Since January of 2018, there have been some key changes to tax law that will affect us in the coming years. We talked to Michael DeRosa, executive mortgage banker with William Raveis Mortgage to answer some of the questions you may have.
WR: Did my mortgage interest deduction disappear?
MD: First off, the mortgage interest deduction did not disappear. The new law caps the limit on deductible mortgage debt at $750,000 for loans taken out after December 14th 2017. Loans made before that date can continue to deduct the mortgage interest up to $1 million. After looking into this further, I found that homeowners can refinance mortgage debts that existed before December 14th, 2017 up to $1 million and continue to deduct the interest as long as the new loan does not exceed the amount refinanced.
WR: What changes can I expect?
MD: A lesser known change – the deductibility of interest on a home equity line of credit (HELOC) has been removed. Congress felt that too many Americans were using their HELOC as a personal credit card instead of for home improvement and decided to remove this loophole. If you have a HELOC you may want to consider refinancing the balance into your first mortgage so that you can retain the ability to write the interest off on your taxes – assuming that it does not exceed $750,000. You can still claim the HELOC interest on your 2017 tax filing.
WR: Is the $10,000 limit for state and property tax deductions really the same for a single filer as for joint filers?
MD: Yes. Under the new legislation, regardless of whether you’re single or married, you’re not allowed to deduct more than $10,000 of property taxes and state and local income or sales taxes. You’ve probably heard the term SALT being thrown around and are wondering what it is. SALT stands for State And Local Taxes. In previous years, you could deduct the entirety of your state and local taxes (including property tax and school tax) on your federal tax return. This deduction will now be capped at $10,000. The biggest impact will be felt in areas of the Northeast and the West Coast.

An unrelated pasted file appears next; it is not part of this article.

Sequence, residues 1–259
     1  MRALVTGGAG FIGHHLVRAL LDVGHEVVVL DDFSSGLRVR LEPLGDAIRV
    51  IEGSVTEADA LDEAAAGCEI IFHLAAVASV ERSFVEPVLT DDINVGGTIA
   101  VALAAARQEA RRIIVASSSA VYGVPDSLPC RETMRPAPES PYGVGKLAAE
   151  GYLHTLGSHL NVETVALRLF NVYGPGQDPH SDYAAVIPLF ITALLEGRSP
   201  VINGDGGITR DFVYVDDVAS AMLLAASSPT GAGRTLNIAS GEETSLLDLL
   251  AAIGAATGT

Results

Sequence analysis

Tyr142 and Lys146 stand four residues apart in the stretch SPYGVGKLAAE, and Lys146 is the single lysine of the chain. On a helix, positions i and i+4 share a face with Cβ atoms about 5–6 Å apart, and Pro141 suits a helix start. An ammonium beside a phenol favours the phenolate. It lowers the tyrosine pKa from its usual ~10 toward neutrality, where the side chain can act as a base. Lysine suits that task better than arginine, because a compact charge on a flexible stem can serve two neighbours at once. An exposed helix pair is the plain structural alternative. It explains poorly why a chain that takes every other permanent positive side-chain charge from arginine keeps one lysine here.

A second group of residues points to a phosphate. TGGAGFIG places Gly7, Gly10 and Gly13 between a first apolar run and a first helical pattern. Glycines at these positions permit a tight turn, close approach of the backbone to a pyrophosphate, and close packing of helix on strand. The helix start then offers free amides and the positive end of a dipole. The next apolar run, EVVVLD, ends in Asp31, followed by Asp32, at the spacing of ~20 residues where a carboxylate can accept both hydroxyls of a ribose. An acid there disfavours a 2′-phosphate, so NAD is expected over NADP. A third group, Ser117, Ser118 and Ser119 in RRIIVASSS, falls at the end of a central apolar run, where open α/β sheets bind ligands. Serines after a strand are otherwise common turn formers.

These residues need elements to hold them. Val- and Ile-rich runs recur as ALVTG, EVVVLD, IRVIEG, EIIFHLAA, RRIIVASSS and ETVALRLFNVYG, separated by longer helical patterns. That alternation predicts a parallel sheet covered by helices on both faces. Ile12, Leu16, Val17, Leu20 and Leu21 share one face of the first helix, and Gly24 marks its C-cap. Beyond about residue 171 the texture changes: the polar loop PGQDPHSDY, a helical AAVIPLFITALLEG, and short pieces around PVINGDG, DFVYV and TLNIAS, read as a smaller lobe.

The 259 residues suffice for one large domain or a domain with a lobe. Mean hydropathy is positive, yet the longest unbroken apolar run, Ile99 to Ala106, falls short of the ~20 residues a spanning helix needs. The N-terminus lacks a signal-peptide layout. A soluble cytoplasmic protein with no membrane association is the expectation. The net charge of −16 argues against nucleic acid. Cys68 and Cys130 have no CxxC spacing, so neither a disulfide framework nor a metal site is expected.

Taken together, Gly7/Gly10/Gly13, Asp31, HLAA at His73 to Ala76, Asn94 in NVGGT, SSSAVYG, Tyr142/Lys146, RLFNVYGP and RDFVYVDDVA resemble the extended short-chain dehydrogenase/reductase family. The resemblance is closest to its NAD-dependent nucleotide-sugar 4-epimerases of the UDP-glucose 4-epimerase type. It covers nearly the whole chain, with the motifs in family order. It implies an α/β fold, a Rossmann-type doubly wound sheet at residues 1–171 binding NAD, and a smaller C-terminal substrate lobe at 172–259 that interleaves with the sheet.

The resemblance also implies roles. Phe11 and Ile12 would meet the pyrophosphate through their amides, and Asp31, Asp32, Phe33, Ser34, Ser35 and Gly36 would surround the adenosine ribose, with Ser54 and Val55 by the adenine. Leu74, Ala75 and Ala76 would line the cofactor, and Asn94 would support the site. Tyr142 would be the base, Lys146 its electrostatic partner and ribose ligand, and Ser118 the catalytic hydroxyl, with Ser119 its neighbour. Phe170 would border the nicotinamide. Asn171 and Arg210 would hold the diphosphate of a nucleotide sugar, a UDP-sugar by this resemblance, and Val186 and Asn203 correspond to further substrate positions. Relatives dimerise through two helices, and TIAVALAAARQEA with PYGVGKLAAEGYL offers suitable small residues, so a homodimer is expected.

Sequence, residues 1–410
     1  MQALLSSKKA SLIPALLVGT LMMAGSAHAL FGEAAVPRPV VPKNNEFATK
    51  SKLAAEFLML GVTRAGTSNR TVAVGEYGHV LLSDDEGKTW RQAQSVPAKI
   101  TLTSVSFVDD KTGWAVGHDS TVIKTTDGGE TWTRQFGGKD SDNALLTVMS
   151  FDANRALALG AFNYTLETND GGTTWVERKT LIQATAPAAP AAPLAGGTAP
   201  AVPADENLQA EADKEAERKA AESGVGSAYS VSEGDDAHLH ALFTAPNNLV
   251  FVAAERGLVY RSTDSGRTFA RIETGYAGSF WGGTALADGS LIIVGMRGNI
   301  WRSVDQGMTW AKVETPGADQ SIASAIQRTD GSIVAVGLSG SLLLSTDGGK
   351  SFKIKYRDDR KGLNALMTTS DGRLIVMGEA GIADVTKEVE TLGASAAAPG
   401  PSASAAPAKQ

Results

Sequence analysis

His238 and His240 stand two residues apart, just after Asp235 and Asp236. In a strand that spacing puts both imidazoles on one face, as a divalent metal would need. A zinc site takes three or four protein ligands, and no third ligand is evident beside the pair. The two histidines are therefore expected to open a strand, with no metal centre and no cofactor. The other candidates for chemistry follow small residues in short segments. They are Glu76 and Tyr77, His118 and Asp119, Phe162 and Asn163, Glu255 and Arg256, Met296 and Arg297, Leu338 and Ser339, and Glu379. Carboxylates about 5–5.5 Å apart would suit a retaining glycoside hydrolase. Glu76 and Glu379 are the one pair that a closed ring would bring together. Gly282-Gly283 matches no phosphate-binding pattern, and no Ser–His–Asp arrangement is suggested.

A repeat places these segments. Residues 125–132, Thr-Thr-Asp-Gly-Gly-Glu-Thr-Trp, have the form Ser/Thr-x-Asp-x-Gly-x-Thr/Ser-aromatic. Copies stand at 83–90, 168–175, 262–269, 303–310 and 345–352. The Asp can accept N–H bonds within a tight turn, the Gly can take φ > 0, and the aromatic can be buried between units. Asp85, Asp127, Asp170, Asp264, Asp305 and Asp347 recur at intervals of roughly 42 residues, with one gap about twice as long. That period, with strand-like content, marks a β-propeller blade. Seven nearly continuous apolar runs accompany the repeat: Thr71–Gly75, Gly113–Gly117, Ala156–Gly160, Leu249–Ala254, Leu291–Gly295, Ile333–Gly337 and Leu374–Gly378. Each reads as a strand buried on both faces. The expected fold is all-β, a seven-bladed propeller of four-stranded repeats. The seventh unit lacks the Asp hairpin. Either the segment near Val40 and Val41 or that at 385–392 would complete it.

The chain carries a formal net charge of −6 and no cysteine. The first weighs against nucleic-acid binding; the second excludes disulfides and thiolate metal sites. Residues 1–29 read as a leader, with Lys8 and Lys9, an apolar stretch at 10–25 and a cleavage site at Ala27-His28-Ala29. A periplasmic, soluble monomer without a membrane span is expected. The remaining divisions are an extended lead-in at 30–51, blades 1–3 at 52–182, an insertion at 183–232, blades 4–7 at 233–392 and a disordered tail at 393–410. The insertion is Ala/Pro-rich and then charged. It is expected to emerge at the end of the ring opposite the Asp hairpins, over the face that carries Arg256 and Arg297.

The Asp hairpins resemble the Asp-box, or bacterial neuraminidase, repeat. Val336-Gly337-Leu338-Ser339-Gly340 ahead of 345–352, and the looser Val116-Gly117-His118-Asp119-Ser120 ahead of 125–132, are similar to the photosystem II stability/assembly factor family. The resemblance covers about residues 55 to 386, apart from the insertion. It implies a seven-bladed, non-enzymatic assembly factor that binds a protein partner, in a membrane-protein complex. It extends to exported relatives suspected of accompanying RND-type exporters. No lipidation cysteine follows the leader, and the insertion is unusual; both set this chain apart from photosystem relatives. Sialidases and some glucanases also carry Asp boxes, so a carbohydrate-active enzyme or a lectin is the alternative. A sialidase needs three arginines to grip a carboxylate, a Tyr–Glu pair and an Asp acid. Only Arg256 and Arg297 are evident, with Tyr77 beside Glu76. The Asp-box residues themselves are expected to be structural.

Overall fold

WR: How will this affect the real estate market?
MD: We will not know the full impact of the tax reform bill and how it will affect our local economies until taxes are filed. Everyone will be affected differently. In my opinion, low inventory and strong buyer demand will keep our real estate market stable in the low to mid-tier. The high-end market could take the biggest hit and see a possible decline in prices to counteract the lower interest and SALT deductions.
There are no blanket statements that fit all scenarios. Please be sure to speak directly with your accountant or tax professional if you have any questions on how the new tax laws will affect you.